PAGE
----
However, this correlation is less obvious when we compare growth on the structural elements of pectin to the presence of specific subsets of pectinases. For example, soy pectin does not contain homogalacturonan but a high proportion of rhamnogalacturonan I (Table 1). However, fungi that grow well on this pectin such as A. nidulans, G. zeae and P anserina do not always have an increased rhamnogalacturonan degrading potential (families GH28 RHG, RGX; GH51; GH54; GH93; GH43, ABN; PL1; PL3; CE8) compared to their homogalacturonan degrading potential (families GH28 PGA, PGX; PL4 and CE12). Interestingly, this also applies to A. clavatus, which, despite its overall poor growth, grows better on soy pectin than on the other substrates. And the fungi that have the higher rhamnogalacturonan degrading potential do not grow better on RGI. The best growth measured on RGI is for T. virens which has less rhamnogalacturonan degrading enzymes (only 10) than the other fungi of this study (18 in average). However, 10 enzymes are probably sufficient to degrade rhamnogalacturonan. More genes coding for the same putative activity could mean more possibilities/options to achieve an efficient degradation. So far, the regulation of the expression of the pectinolytic activities is not fully understood and is likely a determining factor for the production level of pectin related enzymes. For instance, most fungi that grow on cellulose produce a wide range of cellulases. Nonetheless, the best studied cellulolytic fungus, Trichoderma reesei, only produces a small number at very high levels [31].

In order to visualize better the growth profiles and compare them to each other, a double hierarchical clustering was calculated from the growth profile of the 12 fungi on the four pectins and four pectic structural elements (Figure 3). The fungal species clustered in three main groups. The largest group contains B. cinerea, P. chrysosporium, A. niger, G. zeae, R. oryzae, S. sclerotiorum and A. oryzae. The second group is made of A. nidulans, A. clavatus and P. anserina and the third group contains M. oryzae and T. virens. The substrates clustered in 2 main groups plus two separated branches. The first cluster contains polygalacturonic acid, arabinan and galactan, while the second cluster contains sugar beet, lemon and apple pectin. The two separated branches are soy pectin and potato rhamnogalacturonan I. The correlation between growth and genome content is clear at a two-dimension level, in that a high number of pectinases results in good growth rates. The complexity of the mechanisms involved appears when growth on pectin structural elements is compared to the presence of specific related activities.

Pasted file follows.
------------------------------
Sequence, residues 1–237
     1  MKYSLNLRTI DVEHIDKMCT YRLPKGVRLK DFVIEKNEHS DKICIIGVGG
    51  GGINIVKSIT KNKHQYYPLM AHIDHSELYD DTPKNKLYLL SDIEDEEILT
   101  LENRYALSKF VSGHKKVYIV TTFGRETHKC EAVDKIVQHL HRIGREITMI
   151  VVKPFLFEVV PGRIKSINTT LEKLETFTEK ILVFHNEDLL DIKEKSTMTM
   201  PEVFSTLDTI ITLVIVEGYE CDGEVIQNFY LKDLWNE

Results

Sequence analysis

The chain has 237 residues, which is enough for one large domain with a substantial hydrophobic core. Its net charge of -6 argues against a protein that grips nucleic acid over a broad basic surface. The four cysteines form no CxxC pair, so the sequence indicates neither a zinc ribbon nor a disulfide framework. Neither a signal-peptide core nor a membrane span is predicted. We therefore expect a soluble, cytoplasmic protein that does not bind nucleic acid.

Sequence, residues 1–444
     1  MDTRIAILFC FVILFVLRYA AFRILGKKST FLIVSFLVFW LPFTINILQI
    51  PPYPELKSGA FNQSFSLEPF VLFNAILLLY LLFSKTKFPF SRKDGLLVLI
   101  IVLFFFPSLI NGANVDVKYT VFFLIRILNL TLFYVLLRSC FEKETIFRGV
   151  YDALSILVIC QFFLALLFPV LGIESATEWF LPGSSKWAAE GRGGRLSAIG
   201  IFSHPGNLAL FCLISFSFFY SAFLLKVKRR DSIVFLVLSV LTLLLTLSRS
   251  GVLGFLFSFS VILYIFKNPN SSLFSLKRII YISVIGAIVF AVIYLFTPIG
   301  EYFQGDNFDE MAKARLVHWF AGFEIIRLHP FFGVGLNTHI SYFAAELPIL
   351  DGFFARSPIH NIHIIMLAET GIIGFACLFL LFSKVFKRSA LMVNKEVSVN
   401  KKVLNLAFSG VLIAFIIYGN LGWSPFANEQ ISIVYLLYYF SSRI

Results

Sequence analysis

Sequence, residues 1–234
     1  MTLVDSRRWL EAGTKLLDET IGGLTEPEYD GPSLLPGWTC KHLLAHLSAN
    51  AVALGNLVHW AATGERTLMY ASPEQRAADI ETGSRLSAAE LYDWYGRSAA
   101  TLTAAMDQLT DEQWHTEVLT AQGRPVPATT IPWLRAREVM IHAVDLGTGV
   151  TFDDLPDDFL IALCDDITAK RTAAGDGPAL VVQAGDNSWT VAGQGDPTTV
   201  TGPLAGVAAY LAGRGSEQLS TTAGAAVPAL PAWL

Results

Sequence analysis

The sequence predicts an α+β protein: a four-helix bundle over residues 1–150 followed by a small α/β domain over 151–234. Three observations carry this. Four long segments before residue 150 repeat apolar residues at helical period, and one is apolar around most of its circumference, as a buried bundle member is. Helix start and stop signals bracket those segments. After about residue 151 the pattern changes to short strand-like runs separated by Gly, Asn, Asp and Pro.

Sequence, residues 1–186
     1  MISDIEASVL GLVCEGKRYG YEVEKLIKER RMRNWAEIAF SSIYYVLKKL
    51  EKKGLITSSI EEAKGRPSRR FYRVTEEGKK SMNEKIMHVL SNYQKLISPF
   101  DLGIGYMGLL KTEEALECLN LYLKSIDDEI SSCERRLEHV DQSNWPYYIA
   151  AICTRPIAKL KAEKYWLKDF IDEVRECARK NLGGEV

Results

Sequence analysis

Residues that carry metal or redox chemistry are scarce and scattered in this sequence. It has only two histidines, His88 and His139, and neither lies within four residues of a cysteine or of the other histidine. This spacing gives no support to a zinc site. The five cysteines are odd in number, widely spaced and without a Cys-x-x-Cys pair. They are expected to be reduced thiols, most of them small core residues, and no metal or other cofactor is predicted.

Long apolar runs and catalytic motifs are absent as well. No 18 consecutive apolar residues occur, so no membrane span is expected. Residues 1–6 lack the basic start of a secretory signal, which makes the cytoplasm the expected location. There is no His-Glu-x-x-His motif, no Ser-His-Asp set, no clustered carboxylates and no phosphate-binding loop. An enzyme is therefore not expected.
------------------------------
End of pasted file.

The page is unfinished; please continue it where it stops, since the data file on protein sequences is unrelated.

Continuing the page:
Figure 3

Hierarchical clustering of the fungal species grown on pectins and pectic elements. The growth of the 12 fungal species on the 4 pectins and 4 structural elements was used to generate a distance tree (see material and method for detail on measurements of the growth). The scores are represented by a colour scale from poor/no growth, deep blue to very good growth, yellow. The figure was edited using Mev [57].

In the paragraphs below, specific correlations will be discussed in more detail.

Rhizopus oryzae is restricted to degradation of unbranched pectins

The CAZy annotation of R. oryzae identified 18 putative polygalacturonases (GH28), one putative β-galactosidase (GH35), 2 putative endo-arabinanases (GH43) and 6 putative pectin methyl-esterases (CE8). The R. oryzae genome contains a higher number of CAZymes related to pectin degradation than to the degradation of any other plant polysaccharide. Although it still has a rather small set of enzymes, this appears to be sufficient to (partially) degrade all four pectins to efficiently liberate carbon sources as good growth was observed on each of them. In a previous study, 3 of the 18 putative polygalacturonases were biochemically characterized as exo-polygalacturonases [24]. Both endo- and exo-polygalacturonases act on the homogalacturonan chains of the “smooth” region of pectin.

Interestingly, growth of R. oryzae was less good on the pectin structural elements. These results confirm the hypothesis that R. oryzae is restricted to the degradation of unbranched pectins. The analysis of Battaglia et al. [20] has shown that the enrichment of main-chain degrading enzymes of pectin in the R. oryzae genome was accompanied by a low number of accessory enzymes. This correlates with its life style as R. oryzae rot acts on PCW middle lamella of fruits and vegetables, which are rich in homogalacturonan (unbranched pectins).

On all substrates tested in this study, the growth profile of R. oryzae is similar to the growth profile of S. sclerotiorum that contains 16 GH28 with at least one gene of each subfamily (Figure 3). This indicates that not all subfamilies of GH28 are essential to degrade pectin and liberate sufficient amounts of monomers to enable growth.